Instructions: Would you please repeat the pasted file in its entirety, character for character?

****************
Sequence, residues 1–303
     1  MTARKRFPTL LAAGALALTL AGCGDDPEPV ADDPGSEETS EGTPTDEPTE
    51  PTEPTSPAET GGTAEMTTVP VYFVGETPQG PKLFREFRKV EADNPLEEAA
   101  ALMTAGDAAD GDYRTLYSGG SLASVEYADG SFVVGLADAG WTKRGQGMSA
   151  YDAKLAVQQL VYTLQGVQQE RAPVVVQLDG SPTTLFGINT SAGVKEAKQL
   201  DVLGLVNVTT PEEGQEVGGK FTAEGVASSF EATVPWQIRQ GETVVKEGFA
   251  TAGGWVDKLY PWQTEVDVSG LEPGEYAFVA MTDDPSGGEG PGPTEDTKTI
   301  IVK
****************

Sequence, residues 1–303
     1  MTARKRFPTL LAAGALALTL AGCGDDPEPV ADDPGSEETS EGTPTDEPTE
    51  PTEPTSPAET GGTAEMTTVP VYFVGETPQG PKLFREFRKV EADNPLEEAA
   101  ALMTAGDAAD GDYRTLYSGG SLASVEYADG SFVVGLADAG WTKRGQGMSA
   151  YDAKLAVQQL VYTLQGVQQE RAPVVVQLDG SPTTLFGINT SAGVKEAKQL
   201  DVLGLVNVTT PEEGQEVGGK FTAEGVASSF EATVPWQIRQ GETVVKEGFA
   251  TAGGWVDKLY PWQTEVDVSG LEPGEYAFVA MTDDPSGGEG PGPTEDTKTI
   301  IVK